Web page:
Drinkers scanning the cocktail menu at buzzed-about Bowery newcomer Pearl & Ash will find drinks with artful compositions and refined ingredients, such as celery-lime juice and coldbrew-coffee-infused Punt e Mes. What they won’t find is actual booze. The strongest ingredient in a drink called the Area Code is the wine-based digestif Cardamaro; the Murder on the Ebullient Express is built on white port.
While the absence of whiskeys, gins and vodkas on the menu might come as a rude surprise to some patrons looking for a stiff belt, it’s an increasingly common sight. Low-alcohol cocktails built around liqueurs and aromatized wines — whose alcohol contents run from about 60 proof to well under half that strength — are gaining favor at bars and restaurants all over the city.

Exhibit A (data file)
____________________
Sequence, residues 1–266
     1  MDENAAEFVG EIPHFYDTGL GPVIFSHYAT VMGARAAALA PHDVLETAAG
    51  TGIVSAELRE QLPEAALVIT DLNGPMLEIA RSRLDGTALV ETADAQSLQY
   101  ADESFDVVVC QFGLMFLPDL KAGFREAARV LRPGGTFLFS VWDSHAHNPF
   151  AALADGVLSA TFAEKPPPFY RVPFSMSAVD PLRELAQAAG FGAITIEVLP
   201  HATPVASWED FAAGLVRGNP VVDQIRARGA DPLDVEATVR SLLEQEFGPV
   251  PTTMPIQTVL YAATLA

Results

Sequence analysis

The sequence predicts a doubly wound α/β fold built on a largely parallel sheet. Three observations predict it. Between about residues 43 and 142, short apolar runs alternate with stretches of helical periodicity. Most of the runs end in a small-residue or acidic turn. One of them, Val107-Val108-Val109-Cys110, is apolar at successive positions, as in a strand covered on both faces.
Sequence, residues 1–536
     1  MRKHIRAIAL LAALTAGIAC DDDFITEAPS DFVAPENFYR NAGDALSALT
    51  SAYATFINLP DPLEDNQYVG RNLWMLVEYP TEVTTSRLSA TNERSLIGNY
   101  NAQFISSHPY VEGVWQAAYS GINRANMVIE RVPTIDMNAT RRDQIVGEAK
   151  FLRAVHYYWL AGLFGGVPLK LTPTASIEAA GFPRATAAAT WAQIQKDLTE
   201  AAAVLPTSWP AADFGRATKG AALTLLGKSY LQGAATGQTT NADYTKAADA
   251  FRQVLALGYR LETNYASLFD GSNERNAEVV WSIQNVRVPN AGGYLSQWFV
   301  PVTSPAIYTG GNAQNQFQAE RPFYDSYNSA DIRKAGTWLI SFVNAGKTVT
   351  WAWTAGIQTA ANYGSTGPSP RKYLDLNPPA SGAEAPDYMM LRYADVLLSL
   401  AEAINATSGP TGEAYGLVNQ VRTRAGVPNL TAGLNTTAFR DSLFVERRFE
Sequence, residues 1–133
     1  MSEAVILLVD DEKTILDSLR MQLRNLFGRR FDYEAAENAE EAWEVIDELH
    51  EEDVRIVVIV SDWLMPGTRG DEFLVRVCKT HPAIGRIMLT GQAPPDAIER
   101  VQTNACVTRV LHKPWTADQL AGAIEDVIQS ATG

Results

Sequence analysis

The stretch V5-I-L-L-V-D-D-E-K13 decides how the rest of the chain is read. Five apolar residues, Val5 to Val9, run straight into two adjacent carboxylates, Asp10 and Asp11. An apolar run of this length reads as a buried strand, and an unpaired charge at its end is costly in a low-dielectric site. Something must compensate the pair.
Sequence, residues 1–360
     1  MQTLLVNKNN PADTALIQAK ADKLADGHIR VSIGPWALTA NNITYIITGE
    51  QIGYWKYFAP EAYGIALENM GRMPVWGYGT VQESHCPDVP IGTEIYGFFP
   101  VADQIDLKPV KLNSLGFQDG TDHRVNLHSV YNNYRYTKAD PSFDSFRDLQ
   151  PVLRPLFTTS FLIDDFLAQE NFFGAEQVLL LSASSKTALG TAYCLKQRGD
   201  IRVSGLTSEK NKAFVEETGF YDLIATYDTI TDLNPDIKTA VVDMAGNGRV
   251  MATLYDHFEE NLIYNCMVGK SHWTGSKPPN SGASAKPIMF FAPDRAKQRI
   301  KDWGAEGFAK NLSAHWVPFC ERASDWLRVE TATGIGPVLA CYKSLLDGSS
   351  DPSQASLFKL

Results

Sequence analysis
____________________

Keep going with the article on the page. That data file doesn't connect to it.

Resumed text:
For instance, the Tippler bar under the Chelsea Market has the Top Cat, which blends fresh strawberries, lemon and orange soda with the bitter Italian digestif Averna. The Modern last May added an “aperitif” section to the cocktail menu, featuring low-impact drinks like the Tres Jolie, made with dry vermouth, Cointreau and the aperitif wine Dubonnet Rouge.
Low-alcohol drinks stand to boost a bar or restaurant’s bottom line because people tend to drink them faster. Aperitif cocktails may cost a few dollars less than high-octane drinks, but a customer who orders three vermouth cocktails instead of two Sidecars is running up a higher tab.